[US]Mezzrow & Wolfe Really the Blues 182: If I resisted their come-on even a little, it was only because of my obsession with the music.
[US]‘William Lee’ Junkie (1966) 156: Come on . . . The way someone acts, his general manner and way of approaching others.
[US]L. Hansberry Sign in Sidney Brustein’s Window in Three Negro Plays (1969) I i: With hoked-up come-ons.
[US]R. Price Ladies’ Man (1985) 182: Guys [...] opened their come-ons with questions about the chemical properties of phosphorescent paint.
[UK]N. Cohn Yes We have No 137: Some of the come-ons are oddly seductive.

5. a gullible fool.

[US]S. Ford Shorty McCabe 182: You’re a regular come-on. I guess the adorable Sadie has handed you a josh.

6. (also come-in) a sexual invitation, either through a look or through words.

[US]E.W. Calder ‘Black 13’ in Spicy Adventure Stories Aug. [Internet] I wasn’t quite sure whether she was giving me the come-on stuff.
[US]Berrey & Van den Bark Amer. Thes. Sl.
[UK]R. Mais Brother Man (1966) 65: Course she never meant anything at all ... was jus’ handin’ him the ole come-on.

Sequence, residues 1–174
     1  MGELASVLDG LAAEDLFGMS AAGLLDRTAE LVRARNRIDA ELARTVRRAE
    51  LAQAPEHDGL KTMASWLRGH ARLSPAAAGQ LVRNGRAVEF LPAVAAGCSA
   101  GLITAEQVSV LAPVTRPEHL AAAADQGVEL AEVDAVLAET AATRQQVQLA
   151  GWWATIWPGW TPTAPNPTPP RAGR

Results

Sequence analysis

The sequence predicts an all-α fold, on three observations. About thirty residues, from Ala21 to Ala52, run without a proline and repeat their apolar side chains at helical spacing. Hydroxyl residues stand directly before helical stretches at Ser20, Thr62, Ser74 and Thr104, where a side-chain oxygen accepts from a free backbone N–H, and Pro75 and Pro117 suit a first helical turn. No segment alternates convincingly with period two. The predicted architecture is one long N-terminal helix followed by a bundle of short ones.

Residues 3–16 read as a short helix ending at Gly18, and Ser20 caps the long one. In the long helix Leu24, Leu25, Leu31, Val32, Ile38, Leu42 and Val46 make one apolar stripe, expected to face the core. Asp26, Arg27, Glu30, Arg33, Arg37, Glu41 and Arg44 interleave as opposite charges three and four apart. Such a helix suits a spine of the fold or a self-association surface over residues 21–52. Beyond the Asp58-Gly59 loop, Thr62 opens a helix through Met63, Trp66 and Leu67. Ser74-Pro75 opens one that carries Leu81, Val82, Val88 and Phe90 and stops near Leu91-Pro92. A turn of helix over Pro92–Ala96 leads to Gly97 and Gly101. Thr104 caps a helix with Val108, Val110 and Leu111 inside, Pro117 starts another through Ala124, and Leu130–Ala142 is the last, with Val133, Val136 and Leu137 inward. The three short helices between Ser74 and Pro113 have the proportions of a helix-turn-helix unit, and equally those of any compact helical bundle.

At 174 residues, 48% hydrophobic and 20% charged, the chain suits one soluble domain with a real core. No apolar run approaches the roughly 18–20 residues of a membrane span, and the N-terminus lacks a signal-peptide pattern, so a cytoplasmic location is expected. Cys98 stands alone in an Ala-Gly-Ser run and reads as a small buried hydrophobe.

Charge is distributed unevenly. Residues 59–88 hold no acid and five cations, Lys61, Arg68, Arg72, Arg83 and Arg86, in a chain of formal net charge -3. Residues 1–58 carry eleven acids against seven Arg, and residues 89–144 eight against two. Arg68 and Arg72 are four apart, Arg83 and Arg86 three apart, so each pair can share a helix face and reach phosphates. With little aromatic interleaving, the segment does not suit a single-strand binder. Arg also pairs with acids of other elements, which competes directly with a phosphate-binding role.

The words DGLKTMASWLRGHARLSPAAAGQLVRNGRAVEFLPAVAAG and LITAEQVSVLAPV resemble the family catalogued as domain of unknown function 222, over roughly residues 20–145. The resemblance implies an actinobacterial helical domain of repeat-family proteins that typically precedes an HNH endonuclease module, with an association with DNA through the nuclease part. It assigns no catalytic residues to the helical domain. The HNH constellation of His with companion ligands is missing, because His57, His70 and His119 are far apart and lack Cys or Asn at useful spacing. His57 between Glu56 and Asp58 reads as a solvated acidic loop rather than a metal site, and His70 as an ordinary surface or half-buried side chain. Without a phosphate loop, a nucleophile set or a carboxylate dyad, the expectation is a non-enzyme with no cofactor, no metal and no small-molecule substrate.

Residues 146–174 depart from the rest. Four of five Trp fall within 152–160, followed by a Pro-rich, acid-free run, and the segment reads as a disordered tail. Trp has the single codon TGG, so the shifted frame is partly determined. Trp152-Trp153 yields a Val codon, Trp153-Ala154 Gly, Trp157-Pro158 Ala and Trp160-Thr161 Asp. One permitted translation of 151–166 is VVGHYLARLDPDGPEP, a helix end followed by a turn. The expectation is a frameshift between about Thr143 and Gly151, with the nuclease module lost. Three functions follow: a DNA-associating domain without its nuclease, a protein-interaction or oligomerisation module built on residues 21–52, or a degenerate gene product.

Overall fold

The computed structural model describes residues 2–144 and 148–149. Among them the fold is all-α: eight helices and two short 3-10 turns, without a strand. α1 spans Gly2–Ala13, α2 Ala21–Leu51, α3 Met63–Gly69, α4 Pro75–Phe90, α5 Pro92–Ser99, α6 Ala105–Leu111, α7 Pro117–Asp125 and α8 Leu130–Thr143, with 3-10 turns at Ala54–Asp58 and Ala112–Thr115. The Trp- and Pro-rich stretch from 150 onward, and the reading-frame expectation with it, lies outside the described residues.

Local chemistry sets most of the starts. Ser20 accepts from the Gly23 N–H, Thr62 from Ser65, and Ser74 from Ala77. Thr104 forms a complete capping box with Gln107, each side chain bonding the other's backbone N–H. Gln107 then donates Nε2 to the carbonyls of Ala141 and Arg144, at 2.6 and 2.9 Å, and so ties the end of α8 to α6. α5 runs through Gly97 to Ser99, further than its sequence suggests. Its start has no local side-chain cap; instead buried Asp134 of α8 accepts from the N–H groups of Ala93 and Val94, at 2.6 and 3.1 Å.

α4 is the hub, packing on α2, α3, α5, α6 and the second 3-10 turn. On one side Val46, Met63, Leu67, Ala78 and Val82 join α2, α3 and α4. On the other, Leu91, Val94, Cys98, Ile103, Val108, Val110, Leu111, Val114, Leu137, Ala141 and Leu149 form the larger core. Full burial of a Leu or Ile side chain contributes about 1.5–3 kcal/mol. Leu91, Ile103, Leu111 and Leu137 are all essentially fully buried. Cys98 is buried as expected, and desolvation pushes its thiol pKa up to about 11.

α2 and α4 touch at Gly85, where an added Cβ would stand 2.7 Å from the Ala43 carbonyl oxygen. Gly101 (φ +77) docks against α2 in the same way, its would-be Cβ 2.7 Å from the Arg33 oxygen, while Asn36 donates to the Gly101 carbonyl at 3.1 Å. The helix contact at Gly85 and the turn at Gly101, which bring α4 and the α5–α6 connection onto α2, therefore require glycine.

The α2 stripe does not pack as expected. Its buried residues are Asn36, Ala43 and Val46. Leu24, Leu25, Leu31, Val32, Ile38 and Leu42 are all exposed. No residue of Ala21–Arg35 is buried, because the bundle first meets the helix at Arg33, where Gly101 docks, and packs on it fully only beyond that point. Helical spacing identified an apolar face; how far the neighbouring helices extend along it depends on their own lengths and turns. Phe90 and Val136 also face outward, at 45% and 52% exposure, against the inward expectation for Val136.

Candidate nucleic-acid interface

[US](con. WWII) B. Cochrell Barren Beaches of Hell 170: You gave me plenty of come-on at the dance.
[US]L. Bangs in Psychotic Reactions (1988) 62: Many of the Troggs’ songs [...] were immediate come-ons and male self-aggrandisement.
[UK]M. Amis London Fields 136: I’m not interested. Which is always a come-on.
[UK]I. Welsh Filth 297: I’m getting the come-on here big-time.
[UK]Guardian Rev. 15 Jan. 2: There was no aftermath to this gentle, entirely verbal little come-on.
[UK]L. Theroux Call of the Weird (2006) 62: Summer did her best to be enthusiastic, issuing bawdy come-ons.

7. the personification of sense 6, a sexually alluring woman.

[US]J. Gray ‘The Nudist Gym Death Riddle’ in Vice Squad Detective [Internet] She was the big come-on in this racket, but he wanted her to himself.